With its wide range of jobs and commendable gender balance, this will have a place in classrooms despite the rather odd...

READ REVIEW

WHAT DO GROWN-UPS DO ALL DAY?

The unnamed and unseen narrator in this German import introduces readers to the jobs of 30 family members and friends.

Three to six sentences on the bottom sixth of each page introduce each person and summarize what their job entails. The careers range widely, from a mechanical engineer, astronaut, and architect (all women!) to a gardener, brewer, and tattoo artist. But the author goes overboard with adjectives: Auntie Tokiko is a farmer. “She gets up very early…to feed her charming cows, clucking chickens, gregarious goats, and gigantic pigs.” And some descriptions are unclear: “When a person might have done something wrong, [lawyer uncle Ben] looks at every little detail and helps them (and the judge) decide what to do.” Ryski’s illustrations have a stylized, posterlike aesthetic. The retro palette is limited to black, white, pink, brown, mustard yellow, orange, green, and a dusky blue. Faces are reminiscent of Lego minifigure faces: expressions and even facial features are mostly the same throughout, whether male or female, with hairstyles and facial hair sometimes differentiating people. The narrator’s sister and grandmother are on facing pages, and aside from one having wavy hair and one having straight, they might be twins; there is no visible age difference, and their faces are identical. Skin tones are either brown or pink.

With its wide range of jobs and commendable gender balance, this will have a place in classrooms despite the rather odd language. (Informational picture book. 3-9)

Pub Date: Oct. 10, 2017

ISBN: 978-3-89955-799-2

Page Count: 32

Publisher: Little Gestalten

Review Posted Online: Aug. 21, 2017

Kirkus Reviews Issue: Sept. 1, 2017

Did you like this book?

No Comments Yet

Adults wishing to expand the worldviews of their young charges beyond Eurocentric interpretations will find plenty of visual...

RAPUNZEL

From the Once Upon a World series

A retelling of the classic fairy tale with India as its setting.

This latest addition to the Once Upon A World series tells the well-known story of the maiden with beautiful long tresses locked away in a tower by an evil witch and the prince who falls in love with her. As with Perkins’ Cinderella (illustrated by Sandra Equihua, 2016) and Snow White (illustrated by Misa Saburi, 2016), the text has been simplified for a younger audience, and the distinguishing twist here is its setting in India. The mixed-media illustrations of plants, animals, village life, and, of course, Rapunzel, the witch, and the prince come alive in warm, saturated colors. Other than the visuals, there is little to differentiate the story from traditional tellings. As always, it is still the prince who will eventually lead Rapunzel to her salvation by taking her to his kingdom far away from the witch, but that is the nature of fairy tales. The only quibble with this book and indeed with this series is the board-book format. Given the fact that the audience most likely to enjoy it is beyond the board-book age, a full-size book would have done more justice to the vibrant artwork.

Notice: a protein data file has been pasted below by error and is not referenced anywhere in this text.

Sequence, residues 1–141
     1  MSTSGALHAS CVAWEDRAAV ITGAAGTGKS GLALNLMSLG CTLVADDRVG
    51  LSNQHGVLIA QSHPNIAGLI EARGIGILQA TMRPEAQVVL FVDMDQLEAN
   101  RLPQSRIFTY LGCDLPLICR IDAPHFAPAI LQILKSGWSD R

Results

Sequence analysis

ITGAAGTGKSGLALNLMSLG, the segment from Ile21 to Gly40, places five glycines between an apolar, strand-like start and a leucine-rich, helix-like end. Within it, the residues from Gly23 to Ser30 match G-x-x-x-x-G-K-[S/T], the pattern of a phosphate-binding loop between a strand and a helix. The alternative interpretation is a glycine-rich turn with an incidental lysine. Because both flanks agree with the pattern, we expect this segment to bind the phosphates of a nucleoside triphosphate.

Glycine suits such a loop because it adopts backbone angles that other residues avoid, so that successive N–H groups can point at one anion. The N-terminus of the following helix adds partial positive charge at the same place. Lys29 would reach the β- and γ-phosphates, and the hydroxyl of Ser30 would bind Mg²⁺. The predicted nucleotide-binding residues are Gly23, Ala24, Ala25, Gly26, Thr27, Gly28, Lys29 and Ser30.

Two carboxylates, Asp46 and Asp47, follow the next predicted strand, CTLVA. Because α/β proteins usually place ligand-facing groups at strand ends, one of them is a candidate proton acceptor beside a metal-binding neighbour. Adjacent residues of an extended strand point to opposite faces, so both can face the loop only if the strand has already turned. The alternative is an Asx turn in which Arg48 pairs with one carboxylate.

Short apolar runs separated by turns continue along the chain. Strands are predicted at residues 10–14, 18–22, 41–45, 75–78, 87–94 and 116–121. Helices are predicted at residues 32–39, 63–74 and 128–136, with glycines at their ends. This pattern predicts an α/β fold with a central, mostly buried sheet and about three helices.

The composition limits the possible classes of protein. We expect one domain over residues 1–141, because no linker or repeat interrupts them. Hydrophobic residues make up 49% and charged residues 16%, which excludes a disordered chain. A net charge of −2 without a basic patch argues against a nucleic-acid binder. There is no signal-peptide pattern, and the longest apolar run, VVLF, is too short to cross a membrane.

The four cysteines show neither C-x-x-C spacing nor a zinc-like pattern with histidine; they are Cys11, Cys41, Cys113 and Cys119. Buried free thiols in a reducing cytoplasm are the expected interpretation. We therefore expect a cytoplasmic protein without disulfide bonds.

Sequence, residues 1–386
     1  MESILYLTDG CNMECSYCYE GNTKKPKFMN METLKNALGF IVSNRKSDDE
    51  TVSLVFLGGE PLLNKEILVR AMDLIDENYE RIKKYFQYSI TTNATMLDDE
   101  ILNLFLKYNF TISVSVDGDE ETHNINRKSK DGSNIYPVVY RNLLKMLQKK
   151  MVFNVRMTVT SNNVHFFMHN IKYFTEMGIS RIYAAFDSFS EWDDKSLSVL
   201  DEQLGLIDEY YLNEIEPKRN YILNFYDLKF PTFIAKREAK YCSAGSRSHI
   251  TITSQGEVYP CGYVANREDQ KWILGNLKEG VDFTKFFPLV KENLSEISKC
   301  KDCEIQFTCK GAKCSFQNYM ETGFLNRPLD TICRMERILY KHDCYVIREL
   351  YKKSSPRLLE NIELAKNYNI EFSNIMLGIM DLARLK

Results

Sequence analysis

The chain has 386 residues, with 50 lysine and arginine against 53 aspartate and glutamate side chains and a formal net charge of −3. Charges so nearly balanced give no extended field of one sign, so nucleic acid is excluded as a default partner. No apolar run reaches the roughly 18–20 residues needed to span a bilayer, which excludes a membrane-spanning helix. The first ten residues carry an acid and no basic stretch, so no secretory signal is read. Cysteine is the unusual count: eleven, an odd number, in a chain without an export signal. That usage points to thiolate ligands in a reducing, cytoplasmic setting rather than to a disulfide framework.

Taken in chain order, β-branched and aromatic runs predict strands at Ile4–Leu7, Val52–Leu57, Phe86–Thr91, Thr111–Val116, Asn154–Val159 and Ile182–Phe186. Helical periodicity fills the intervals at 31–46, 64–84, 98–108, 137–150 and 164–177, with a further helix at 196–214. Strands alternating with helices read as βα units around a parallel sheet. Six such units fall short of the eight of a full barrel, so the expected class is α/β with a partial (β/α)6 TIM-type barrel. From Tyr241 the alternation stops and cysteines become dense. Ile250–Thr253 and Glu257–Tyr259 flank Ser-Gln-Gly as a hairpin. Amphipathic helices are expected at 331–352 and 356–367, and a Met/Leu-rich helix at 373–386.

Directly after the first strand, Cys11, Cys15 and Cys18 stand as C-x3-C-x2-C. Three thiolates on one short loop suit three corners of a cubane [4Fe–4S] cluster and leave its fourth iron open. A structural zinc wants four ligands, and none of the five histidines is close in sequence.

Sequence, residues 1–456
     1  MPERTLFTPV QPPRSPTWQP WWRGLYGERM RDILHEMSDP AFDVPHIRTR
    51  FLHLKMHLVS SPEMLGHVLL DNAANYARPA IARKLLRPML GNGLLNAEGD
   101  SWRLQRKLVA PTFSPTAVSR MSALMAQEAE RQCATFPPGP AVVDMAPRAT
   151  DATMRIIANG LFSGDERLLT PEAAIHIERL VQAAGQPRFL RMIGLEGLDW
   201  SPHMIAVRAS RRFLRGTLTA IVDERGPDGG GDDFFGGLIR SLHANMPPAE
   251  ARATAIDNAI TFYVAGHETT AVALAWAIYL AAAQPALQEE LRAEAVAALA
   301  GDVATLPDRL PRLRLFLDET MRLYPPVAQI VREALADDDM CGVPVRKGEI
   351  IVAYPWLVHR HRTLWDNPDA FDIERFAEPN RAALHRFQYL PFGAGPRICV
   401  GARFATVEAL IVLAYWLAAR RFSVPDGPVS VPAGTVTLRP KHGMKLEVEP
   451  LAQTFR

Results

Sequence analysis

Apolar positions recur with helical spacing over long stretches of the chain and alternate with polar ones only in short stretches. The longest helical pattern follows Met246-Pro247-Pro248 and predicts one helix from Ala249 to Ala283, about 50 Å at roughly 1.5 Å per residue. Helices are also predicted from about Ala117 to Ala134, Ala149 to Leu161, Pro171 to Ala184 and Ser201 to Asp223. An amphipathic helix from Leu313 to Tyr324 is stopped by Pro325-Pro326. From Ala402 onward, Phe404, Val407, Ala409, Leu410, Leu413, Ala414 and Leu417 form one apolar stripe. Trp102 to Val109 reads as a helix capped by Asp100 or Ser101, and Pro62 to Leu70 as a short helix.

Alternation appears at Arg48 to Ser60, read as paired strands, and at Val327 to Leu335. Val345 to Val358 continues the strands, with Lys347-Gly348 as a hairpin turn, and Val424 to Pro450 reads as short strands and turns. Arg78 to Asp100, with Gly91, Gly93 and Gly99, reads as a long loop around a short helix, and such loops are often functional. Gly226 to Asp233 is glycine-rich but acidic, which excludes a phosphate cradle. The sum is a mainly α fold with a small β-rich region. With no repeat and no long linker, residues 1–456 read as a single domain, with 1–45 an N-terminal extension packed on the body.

Adults wishing to expand the worldviews of their young charges beyond Eurocentric interpretations will find plenty of visual delights in this one, though they’ll wish it were bigger. (Board book. 3-5)

Pub Date: March 21, 2017

ISBN: 978-1-4814-9072-6

Page Count: 24

Publisher: Little Simon/Simon & Schuster

Review Posted Online: April 17, 2017

Kirkus Reviews Issue: July 1, 2017

Did you like this book?

No Comments Yet

This ambitious introduction to an important concept tries too hard to pigeonhole people, places, and things

NOUNS SAY "WHAT'S THAT?"

From the Word Adventures: Parts of Speech series

Anthropomorphized representations of a person, a place, and a thing introduce readers to nouns.

The protagonists are Person, a green, hairy, Cousin Itt–looking blob; Place, a round, blue, globe-ish being (stereotypically implied female by eyelashes and round pigtails); and Thing, a pink cloud with limbs, a porkpie hat, and red glasses. They first introduce the word “noun” and then start pointing out the nouns that fall under each of their categories. In their speech balloons, these vocabulary words are set in type that corresponds to the speaker’s color: “Each wheel is a thing noun,” says Thing, and “wheel” is set in red. Readers join the three as they visit a museum, pointing out the nouns they see along the way and introducing proper and collective nouns and ways to make nouns plural. Confusingly, though, Person labels the “bus driver” a “person noun” on one page, but two spreads later, Thing says “Abdar is a guard. Mrs. Mooney is a ticket taker. Their jobs are things that are also nouns.” Similarly, a group of athletes is a person noun—“team”—but “flock” and “pack” are things. Lowen’s digital illustrations portray a huge variety of people who display many skin and hair colors, differing abilities, and even religious and/or cultural markers (though no one is overweight). Backmatter includes a summary of noun facts, a glossary, an index (not seen), critical-thinking questions, and a list of further reading. Books on seven other parts of speech release simultaneously.

This ambitious introduction to an important concept tries too hard to pigeonhole people, places, and things . (Informational picture book. 5-8)

Pub Date: Aug. 1, 2019

ISBN: 978-1-5158-4058-9

Page Count: 32

Publisher: Picture Window Books

Review Posted Online: May 12, 2019

Kirkus Reviews Issue: June 1, 2019

Did you like this book?

No Comments Yet
more